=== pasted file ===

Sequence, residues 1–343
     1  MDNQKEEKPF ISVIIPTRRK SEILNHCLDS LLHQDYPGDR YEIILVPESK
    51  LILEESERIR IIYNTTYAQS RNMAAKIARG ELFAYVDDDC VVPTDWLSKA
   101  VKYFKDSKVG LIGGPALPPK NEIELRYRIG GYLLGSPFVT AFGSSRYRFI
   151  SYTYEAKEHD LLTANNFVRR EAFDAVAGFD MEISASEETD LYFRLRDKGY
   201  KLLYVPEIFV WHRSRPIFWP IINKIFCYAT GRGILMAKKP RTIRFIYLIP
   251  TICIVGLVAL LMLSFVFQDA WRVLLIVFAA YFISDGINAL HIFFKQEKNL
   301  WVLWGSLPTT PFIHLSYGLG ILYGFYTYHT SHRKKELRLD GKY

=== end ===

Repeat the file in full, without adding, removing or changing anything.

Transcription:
Sequence, residues 1–343
     1  MDNQKEEKPF ISVIIPTRRK SEILNHCLDS LLHQDYPGDR YEIILVPESK
    51  LILEESERIR IIYNTTYAQS RNMAAKIARG ELFAYVDDDC VVPTDWLSKA
   101  VKYFKDSKVG LIGGPALPPK NEIELRYRIG GYLLGSPFVT AFGSSRYRFI
   151  SYTYEAKEHD LLTANNFVRR EAFDAVAGFD MEISASEETD LYFRLRDKGY
   201  KLLYVPEIFV WHRSRPIFWP IINKIFCYAT GRGILMAKKP RTIRFIYLIP
   251  TICIVGLVAL LMLSFVFQDA WRVLLIVFAA YFISDGINAL HIFFKQEKNL
   301  WVLWGSLPTT PFIHLSYGLG ILYGFYTYHT SHRKKELRLD GKY